Grays Harbor

Down along the coast we moved slowly through small towns, getting groceries in markets with one aisle. In Quinalt we stopped in at the lodge—a gorgeous building built with grounds that immediately had Ali and I both thinking of the movie Dirty Dancing. We camped down around the corner where the kids discovered a creek running into the lake. For a while they raced scraps of paper down the creek, before changing course and building dams to stop the paper instead.

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I actually tried to use this phone. Had there been a dial tone it would have been my first phone call in months. Instead, my streak is intact.

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We swung through Hoquiam in need of some groceries and possibly a stray wifi signal after being out of touch for a few days. We didn’t find the signal (admittedly the supermarket parking lot wasn’t a very good effort at it) but we did find a nice new park for the kids to burn off steam. The place was packed with dozens of kids, and only about three adults. That seemed weird until the school district’s free summer lunch van pulled up. I thought that was a pretty nice thing in the midst of a town that looked like it could really use it.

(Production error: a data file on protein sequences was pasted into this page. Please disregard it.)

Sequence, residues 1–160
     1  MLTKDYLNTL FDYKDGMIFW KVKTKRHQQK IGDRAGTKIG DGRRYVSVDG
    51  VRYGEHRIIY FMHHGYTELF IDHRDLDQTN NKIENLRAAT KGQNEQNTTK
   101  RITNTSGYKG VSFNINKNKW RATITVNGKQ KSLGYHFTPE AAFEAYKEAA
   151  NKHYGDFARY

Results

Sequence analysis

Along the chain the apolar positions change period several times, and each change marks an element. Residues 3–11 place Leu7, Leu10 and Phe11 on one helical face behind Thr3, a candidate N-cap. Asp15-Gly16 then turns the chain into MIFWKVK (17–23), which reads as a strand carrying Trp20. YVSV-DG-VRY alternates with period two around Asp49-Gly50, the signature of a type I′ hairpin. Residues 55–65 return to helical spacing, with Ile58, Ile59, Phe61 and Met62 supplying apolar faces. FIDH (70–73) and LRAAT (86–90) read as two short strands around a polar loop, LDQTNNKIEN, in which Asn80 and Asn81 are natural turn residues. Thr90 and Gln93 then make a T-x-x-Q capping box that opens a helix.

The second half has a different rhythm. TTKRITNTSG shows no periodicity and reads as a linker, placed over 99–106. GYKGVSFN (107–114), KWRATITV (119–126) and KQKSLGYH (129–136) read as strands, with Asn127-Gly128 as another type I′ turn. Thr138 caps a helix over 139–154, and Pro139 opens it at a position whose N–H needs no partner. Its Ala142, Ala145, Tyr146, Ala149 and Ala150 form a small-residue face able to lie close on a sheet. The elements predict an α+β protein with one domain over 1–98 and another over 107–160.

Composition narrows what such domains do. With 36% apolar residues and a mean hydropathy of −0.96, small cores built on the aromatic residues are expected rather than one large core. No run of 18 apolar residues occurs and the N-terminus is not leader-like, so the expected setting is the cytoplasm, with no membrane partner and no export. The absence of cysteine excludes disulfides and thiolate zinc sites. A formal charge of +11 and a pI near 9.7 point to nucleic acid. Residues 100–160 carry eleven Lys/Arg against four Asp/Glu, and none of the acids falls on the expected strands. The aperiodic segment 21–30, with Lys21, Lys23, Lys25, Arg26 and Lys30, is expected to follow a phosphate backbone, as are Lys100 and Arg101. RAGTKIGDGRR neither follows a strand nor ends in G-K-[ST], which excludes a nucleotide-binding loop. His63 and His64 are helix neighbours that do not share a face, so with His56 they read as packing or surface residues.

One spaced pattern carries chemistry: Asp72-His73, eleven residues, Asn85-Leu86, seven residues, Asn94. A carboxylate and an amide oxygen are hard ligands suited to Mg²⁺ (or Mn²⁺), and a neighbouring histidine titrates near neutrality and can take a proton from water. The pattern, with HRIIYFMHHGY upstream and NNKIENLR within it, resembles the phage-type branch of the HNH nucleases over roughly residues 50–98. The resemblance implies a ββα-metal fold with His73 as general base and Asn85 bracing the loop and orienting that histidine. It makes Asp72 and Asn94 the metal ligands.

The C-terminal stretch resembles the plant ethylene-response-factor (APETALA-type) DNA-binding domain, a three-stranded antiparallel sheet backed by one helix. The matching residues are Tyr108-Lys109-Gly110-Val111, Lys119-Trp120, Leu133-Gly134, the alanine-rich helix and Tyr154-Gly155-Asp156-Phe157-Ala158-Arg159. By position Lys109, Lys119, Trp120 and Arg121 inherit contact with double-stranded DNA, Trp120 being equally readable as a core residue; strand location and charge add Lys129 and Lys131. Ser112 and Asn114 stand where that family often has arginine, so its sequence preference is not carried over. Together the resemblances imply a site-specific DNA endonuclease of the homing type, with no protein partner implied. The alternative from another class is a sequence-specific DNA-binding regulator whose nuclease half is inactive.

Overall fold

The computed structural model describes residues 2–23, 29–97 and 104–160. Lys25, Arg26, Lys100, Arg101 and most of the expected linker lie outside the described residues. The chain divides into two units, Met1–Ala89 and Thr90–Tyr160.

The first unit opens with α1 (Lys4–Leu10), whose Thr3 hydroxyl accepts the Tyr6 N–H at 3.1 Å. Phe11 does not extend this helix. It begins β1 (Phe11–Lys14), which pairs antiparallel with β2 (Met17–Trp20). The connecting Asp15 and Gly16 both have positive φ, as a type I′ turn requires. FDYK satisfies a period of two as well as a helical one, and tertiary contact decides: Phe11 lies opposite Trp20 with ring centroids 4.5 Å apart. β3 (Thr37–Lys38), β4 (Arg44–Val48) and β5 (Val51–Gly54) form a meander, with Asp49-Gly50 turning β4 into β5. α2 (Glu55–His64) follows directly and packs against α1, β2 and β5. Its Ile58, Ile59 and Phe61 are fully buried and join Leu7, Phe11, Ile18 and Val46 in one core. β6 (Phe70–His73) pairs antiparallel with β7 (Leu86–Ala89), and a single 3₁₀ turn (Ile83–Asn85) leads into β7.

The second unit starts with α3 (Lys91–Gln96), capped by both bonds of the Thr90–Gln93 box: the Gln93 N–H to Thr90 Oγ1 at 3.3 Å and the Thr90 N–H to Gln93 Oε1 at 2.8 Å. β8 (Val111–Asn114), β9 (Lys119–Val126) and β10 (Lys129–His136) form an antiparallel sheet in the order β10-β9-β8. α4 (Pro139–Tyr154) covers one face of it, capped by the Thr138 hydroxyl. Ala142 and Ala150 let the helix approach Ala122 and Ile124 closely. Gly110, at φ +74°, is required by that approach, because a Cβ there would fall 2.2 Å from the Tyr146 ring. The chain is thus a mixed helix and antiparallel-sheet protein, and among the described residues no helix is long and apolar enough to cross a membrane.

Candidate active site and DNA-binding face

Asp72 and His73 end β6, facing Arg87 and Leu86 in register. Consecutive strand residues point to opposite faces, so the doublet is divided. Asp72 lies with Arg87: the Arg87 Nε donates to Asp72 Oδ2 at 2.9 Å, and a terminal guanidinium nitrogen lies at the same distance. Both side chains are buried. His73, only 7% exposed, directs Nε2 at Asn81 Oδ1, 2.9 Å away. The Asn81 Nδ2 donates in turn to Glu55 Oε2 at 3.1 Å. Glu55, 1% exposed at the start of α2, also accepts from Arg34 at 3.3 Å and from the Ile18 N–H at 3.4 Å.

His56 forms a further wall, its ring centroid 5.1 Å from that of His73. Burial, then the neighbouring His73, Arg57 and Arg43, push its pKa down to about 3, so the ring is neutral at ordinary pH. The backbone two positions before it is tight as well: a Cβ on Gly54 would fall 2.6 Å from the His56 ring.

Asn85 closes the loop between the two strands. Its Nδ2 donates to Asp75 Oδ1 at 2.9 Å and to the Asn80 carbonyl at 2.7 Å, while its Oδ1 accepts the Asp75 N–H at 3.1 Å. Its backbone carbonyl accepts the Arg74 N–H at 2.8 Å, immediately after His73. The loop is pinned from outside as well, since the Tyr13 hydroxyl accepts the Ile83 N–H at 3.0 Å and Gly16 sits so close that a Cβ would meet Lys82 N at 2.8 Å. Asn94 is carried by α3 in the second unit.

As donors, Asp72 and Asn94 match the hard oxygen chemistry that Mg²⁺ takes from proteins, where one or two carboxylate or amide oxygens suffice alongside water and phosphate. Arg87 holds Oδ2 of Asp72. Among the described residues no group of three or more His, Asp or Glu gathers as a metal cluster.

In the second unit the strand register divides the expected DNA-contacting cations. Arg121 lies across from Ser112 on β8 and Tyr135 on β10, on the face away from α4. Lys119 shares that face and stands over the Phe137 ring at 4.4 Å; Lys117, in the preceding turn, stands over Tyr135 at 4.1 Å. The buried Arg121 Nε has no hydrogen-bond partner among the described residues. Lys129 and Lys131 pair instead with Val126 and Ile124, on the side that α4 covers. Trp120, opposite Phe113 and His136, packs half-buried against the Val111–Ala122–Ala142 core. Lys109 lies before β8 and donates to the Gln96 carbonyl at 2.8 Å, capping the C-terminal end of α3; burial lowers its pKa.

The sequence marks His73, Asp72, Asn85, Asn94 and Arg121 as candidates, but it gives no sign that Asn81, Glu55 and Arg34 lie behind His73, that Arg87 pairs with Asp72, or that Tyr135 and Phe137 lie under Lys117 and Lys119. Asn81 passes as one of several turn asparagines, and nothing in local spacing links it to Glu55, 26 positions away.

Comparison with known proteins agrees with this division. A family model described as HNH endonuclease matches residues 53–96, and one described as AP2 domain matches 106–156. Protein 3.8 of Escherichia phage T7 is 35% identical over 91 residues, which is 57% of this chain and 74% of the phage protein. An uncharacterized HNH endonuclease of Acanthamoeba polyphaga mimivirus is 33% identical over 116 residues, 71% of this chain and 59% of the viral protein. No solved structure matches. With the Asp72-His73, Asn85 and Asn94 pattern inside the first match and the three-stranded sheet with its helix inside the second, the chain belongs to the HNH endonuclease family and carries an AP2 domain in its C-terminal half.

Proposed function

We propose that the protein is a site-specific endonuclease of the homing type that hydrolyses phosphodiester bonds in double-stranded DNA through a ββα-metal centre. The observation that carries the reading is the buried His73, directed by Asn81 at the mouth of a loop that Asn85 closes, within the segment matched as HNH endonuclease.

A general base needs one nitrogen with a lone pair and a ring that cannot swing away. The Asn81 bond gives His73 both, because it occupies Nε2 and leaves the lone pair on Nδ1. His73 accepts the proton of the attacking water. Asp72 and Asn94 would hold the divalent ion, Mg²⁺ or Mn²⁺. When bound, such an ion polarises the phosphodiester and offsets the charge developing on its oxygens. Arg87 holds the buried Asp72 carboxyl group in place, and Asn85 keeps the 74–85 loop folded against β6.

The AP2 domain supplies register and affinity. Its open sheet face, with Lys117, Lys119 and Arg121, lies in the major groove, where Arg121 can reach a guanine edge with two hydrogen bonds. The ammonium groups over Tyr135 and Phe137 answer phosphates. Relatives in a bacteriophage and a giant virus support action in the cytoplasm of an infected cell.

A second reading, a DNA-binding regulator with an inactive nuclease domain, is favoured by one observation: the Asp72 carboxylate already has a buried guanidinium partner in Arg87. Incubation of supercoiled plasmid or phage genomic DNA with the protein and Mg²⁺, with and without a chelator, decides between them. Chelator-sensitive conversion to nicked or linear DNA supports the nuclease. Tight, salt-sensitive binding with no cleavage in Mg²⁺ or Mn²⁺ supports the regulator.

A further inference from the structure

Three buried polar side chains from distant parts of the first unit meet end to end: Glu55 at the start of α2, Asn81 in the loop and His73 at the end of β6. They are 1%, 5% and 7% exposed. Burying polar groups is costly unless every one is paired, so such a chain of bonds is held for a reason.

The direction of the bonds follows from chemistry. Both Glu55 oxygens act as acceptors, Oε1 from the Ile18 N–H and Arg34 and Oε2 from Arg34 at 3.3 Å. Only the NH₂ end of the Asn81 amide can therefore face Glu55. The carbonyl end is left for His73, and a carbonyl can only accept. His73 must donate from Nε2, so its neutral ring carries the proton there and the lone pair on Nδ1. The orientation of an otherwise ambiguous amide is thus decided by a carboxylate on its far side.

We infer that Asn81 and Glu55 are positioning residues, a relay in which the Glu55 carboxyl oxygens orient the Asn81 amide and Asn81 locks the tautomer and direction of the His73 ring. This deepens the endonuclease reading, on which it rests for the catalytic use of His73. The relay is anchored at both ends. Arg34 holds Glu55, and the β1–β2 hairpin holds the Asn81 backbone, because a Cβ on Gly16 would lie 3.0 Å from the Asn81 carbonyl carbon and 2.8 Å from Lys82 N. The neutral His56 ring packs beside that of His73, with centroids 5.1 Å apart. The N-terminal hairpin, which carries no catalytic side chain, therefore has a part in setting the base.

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We circled a few miles back to the NW up to Pacific Beach—a cute two block town with a state park right on the beach. Friday. Full. It was worth a try. Back down the beach we went in search of one of the many grubby looking RV parks we’d passed on the way up, eventually settling in somewhere around Copalis Beach. We had a prime spot sandwiched between two RVs with small yapping dogs. The hallmark of a certain generation of RVers.

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The next day we moved on again. Both of my maps showed a ferry crossing between Ocean Shores and Westport. A short hop across the mouth of Grays Harbor which would save us forty miles or so. Ocean Shores was a full on holiday maker town. After all the small towns and nothingness along the coast it came as a bit of a surprise when the fast-food and drink-special restaurants popped up. At the end of road I expected to see some signs for the ferry—nothing. When I stopped to ask directions I got a sort of funny smile and, “The ferry stopped running six years ago. Our side of the harbor silted up so much they couldn’t get through any more.” I suppose I better write to Rand-McNally and let them know that their old paper atlas’ are out of date. It’s almost like people have been using something other than an atlas to navigate for the past few years. I can’t figure it out.

We eventually circled around to Westport and visited the lighthouse, which was very nice. It started life just three-hundred feet from the beach, but now sits back four-thousand feet with an entire condo development between it and the sea. That’s how much the area has silted up.

This is what happens to you along the coast of Washington without reservations.

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